In informal engagements, although I do not have the time to cover all lenses, I seek to focus on at least one full range of Levels of Reality or Structural Dynamics and I listen carefully for preferences and blind spots in learning styles and ask about what I don’t know.

Earth: Structure Air: Concepts
Clear agendas and time frames, Explicit instructions, Concrete outcomes, Consistent methods Talks, Constructs, models and theories, Logical ideas, Clear relationships between ideas
Fire: Action Water: Connection
Movement, Activities, Spontaneity, Demonstrations Discussions, Small group sharing, Intimacy, Team building

In preparing formal engagements, I seek to vary engagements as much as possible when it comes to learning styles. Here I look at brain faculties as a guide to ensure that I address and vary engagement between all faculties: Mathematic, Visual Spatial, Linguistic, Kinaesthetic (IQ); Musical, Inter-personal, Intra-personal, Naturalistic (EQ).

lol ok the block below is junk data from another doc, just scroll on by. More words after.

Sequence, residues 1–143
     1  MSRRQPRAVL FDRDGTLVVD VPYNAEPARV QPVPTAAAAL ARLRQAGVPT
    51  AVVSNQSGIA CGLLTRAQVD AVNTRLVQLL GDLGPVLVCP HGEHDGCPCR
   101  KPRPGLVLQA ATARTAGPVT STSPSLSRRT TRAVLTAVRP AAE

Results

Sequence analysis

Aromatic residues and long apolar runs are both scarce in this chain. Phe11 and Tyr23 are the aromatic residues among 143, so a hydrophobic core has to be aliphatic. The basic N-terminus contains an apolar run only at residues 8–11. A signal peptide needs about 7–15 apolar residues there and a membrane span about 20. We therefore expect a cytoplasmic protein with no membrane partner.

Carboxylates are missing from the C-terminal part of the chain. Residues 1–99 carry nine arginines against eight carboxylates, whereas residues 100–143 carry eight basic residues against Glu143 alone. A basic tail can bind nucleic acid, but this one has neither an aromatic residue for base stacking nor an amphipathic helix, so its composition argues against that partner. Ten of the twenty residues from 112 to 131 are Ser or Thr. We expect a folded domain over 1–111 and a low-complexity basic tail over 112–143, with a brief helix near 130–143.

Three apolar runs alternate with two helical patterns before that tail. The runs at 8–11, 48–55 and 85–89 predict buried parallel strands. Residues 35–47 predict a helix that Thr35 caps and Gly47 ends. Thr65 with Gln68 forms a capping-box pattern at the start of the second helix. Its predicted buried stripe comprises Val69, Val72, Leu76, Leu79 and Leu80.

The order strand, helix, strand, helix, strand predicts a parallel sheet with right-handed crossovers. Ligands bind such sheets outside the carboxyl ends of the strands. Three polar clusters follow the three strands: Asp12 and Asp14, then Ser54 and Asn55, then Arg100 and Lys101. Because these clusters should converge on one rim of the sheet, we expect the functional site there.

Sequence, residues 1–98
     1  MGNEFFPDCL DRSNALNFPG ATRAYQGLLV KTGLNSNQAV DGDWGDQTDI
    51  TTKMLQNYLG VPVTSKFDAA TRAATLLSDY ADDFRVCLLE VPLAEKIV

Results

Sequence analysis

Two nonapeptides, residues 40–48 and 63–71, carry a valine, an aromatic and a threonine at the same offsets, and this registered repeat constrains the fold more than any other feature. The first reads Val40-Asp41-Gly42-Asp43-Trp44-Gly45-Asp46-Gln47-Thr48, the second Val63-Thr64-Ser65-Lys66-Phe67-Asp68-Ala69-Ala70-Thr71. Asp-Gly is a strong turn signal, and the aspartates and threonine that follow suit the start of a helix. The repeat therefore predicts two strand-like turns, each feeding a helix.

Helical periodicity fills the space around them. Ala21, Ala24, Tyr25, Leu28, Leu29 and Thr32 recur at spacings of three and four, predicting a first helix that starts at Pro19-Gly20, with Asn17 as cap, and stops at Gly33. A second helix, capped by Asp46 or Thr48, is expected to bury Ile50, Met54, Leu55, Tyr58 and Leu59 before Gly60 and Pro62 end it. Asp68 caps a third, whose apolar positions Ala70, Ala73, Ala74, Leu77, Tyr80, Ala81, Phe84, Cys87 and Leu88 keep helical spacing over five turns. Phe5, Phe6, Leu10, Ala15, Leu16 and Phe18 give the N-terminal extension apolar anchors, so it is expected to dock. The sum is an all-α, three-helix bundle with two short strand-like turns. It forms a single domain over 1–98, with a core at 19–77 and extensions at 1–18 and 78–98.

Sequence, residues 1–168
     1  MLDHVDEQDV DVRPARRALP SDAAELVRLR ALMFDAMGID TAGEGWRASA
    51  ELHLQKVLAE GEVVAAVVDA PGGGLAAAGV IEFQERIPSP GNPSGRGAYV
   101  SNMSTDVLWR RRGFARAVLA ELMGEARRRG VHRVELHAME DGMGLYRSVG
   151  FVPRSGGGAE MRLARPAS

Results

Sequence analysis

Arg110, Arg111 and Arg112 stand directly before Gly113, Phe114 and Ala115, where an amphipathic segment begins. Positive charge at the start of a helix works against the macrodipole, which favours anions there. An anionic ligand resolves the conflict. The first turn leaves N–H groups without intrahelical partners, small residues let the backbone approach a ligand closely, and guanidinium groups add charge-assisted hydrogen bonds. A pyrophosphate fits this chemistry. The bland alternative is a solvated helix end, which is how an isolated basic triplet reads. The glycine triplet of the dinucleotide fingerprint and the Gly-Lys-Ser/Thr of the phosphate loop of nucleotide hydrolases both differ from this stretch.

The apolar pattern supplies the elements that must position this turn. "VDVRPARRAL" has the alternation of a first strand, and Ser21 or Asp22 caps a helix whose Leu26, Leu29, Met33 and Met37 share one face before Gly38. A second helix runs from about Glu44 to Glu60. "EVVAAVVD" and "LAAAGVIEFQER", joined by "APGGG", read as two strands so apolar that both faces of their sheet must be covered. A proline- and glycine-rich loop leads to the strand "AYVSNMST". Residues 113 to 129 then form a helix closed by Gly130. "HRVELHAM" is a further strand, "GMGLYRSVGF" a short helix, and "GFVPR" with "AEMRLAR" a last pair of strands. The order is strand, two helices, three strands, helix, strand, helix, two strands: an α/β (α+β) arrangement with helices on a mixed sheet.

This means that I ensure I have the following learning material enablements and engagement opportunities available: A workbook with visual illustrations, pictures, graphs, tables, examples, text explanations, stories or case studies, personal reflections and exercises; visual collaboration tools like a Mural board for virtual training or pens, paper, stickies and images for collective sense-making and expression; individual reflection, collective conversation, group application, observed feedback, personal engagement, Q&A, teaching others, sharing experiences and so forth.

Another way to look at this is through Jung’s Archetypes as compiled by Nelson, Ronka and Lang for Designing and Leading Life Changing Workshops.